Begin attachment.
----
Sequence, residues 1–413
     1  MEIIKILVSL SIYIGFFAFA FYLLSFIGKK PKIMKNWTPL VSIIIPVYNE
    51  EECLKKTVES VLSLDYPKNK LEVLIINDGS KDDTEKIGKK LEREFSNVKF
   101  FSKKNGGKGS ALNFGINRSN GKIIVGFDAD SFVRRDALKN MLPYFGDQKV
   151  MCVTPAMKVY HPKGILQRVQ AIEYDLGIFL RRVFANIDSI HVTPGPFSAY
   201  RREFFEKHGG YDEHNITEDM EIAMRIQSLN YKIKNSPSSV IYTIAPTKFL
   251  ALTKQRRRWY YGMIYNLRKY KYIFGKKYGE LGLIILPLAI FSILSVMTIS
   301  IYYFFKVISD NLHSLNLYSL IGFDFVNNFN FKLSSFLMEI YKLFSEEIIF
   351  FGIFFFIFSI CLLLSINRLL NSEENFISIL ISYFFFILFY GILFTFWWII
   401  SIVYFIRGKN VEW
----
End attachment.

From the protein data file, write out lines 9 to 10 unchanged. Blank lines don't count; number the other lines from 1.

   351  FGIFFFIFSI CLLLSINRLL NSEENFISIL ISYFFFILFY GILFTFWWII
   401  SIVYFIRGKN VEW